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Solenoid Magnetic Field

  1. Feb 9, 2009 #1
    1. The problem statement, all variables and given/known data
    You want to construct a solenoid 20cm long that has an interior magnetic field Strength B (Bc) of about 1.5MN/C. The coil has to be wound as a single layer of wire around a form whose diameter is 3.0 cm. You have two spools of wire handy. #18 wire has a diameter of about 1.02mm and can carry a current of 6.0A before overheating. #26 wire has a diameter of 0.41mm and can carry up to 1.0A. Which kind of wire should you use and why? What potential difference do you want to put across the coil's end?



    2. Relevant equations

    B=NI/(cLE0)...or simplified as about 377NI/L.

    3. The attempt at a solution

    377NI/L must equal about 1.5X10^6N/C.......so NI/L must equal 3979. I Have an I....and don't really know where to go from here...and not even sure if this is the right path to take. Not really understanding the question? So I unwind the wires and see how many of them I'd need to fill the 3cm diameter? Any help would be appreciated.
     
  2. jcsd
  3. Feb 9, 2009 #2

    LowlyPion

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    Your L is constant isn't it, so I think you are primarily concerned with the N*I product.

    So how many turns can you get along 20 cm using each wire?
    Then which of those has the rating to satisfy the current requirement for your target B?
     
  4. Feb 9, 2009 #3
    ah thanks. Ok so I got N of #18 to be 133, and N of #26 to be 797.
    So that's the number of turns. I'm now stuck with how to advance from here.
    I assume it has something to do with diameters and am probably missing the obvious here but not seeing how I can relate # of turns to satisfying the requirements of what I'm assuming are diameters.
    Thanks again.
     
  5. Feb 9, 2009 #4

    LowlyPion

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    So where did that come from?
     
  6. Feb 9, 2009 #5

    LowlyPion

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    Why isn't the number of turns of #18 = 20 cm/1.02mm ?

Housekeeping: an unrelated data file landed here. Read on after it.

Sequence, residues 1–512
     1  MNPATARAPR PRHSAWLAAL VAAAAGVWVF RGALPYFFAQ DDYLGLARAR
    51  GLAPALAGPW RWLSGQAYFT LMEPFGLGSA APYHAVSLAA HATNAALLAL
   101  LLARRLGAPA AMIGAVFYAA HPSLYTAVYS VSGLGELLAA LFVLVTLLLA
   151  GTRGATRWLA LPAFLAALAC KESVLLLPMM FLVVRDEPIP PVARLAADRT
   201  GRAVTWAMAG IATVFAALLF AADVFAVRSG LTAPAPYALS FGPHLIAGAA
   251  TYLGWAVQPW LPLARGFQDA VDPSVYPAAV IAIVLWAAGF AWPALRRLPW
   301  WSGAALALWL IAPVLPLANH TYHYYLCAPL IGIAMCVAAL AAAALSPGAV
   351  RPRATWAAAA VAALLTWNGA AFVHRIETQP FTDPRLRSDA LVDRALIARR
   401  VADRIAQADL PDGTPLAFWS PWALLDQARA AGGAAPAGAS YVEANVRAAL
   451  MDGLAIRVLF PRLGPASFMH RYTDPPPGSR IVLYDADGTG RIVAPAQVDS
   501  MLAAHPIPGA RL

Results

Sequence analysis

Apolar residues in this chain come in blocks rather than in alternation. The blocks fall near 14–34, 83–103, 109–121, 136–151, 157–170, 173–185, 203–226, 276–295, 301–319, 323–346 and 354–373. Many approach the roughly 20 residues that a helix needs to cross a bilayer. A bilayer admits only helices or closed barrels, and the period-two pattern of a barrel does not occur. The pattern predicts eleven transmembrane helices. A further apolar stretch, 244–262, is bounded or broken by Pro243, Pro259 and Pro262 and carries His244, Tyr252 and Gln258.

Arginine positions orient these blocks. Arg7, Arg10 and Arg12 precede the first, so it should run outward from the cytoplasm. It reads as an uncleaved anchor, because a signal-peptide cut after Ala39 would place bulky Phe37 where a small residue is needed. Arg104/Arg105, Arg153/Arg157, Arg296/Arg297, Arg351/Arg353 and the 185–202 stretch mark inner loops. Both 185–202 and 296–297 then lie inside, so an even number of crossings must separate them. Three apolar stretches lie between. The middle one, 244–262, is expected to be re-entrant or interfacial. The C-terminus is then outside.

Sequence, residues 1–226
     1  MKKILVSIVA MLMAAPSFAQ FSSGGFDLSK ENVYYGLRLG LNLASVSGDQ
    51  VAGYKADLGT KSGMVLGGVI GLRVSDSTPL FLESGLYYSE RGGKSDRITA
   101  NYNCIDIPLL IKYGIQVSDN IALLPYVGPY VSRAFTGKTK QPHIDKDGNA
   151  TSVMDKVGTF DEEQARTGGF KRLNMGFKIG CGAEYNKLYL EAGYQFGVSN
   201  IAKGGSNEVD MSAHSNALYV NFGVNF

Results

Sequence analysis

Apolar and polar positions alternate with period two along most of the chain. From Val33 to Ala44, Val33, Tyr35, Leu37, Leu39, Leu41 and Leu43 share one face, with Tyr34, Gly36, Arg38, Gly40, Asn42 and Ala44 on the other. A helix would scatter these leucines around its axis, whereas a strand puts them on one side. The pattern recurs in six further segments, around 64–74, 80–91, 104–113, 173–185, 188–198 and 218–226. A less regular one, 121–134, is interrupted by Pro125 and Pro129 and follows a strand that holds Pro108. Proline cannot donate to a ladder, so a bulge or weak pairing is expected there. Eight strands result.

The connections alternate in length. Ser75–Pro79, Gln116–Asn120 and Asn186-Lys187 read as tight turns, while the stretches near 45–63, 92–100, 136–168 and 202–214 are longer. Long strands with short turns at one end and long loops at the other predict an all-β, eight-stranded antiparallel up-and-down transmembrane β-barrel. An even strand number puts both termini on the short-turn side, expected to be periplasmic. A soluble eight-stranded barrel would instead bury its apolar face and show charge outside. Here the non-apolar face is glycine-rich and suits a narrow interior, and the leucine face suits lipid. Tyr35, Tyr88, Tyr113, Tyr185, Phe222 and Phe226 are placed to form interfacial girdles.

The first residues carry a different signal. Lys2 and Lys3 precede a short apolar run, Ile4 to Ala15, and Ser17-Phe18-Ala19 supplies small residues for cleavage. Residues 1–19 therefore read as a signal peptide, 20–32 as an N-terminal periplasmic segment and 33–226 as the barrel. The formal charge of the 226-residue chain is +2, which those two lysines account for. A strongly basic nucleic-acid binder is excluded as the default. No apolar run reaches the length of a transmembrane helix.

Similarly for the #26.
     
  7. Feb 9, 2009 #6
    Those numbers came from B=NI/(cLE0).
    Anyway, using those number of turns I'd get 196 and 488 for 18 and 26, respectively.
    I guess I just don't see WHAT i'm supposed to be solving for here?
    Using those values for N, I get a B of 1.1MN/C for 18 and 0.18MN/C for 26. Neither of which are, or even realistically close to, the 1.5MN/C.
     
  8. Feb 9, 2009 #7

    LowlyPion

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    I guess I'm not familiar with what that equation is.
     
  9. Feb 9, 2009 #8
    It's an equation given in my book for the magnetic field inside a solenoid, where B is some special magnetic Field the author uses to make units N/C...and is basically the regular magnetic field times the speed of light.
    E0 is epsilon zero too if that wasn't clear.
     
  10. Feb 10, 2009 #9

    LowlyPion

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    OK. I get what you're doing now.

    You've calculated the B field correctly from the units given.

    So set 3981 = N/L*I = n*I where n is your turn density.

    The turn densities of the 2 wires are 1/D

    For the 1.02 mm that comes to 980.4 turns/m and the .41 mm gives 2439 turns/m

    One equation then is I = 3981/980.4 < 6a

    The other is I = 3981/2439 > 1a
     
  11. Feb 10, 2009 #10
    Lovely. Wow was I stupid. Guess I got so flustered I didn't even understand I was looking for a current below the heating level instead of just solving for B with the info I had like I was doing.
    Thanks a lot. Truly appreciated.
     
  12. Mar 5, 2011 #11
    I was following this problem until the concept of turn density was introduced. How does the turn density N/L equal 1/D, assuming that D stands for density of the wire?
     
  13. Feb 8, 2012 #12
    Hey.

    I noticed that the complete question was not answered. Anyone know how to answer what the potential difference across the wire needs to be?

    Thanks.
     
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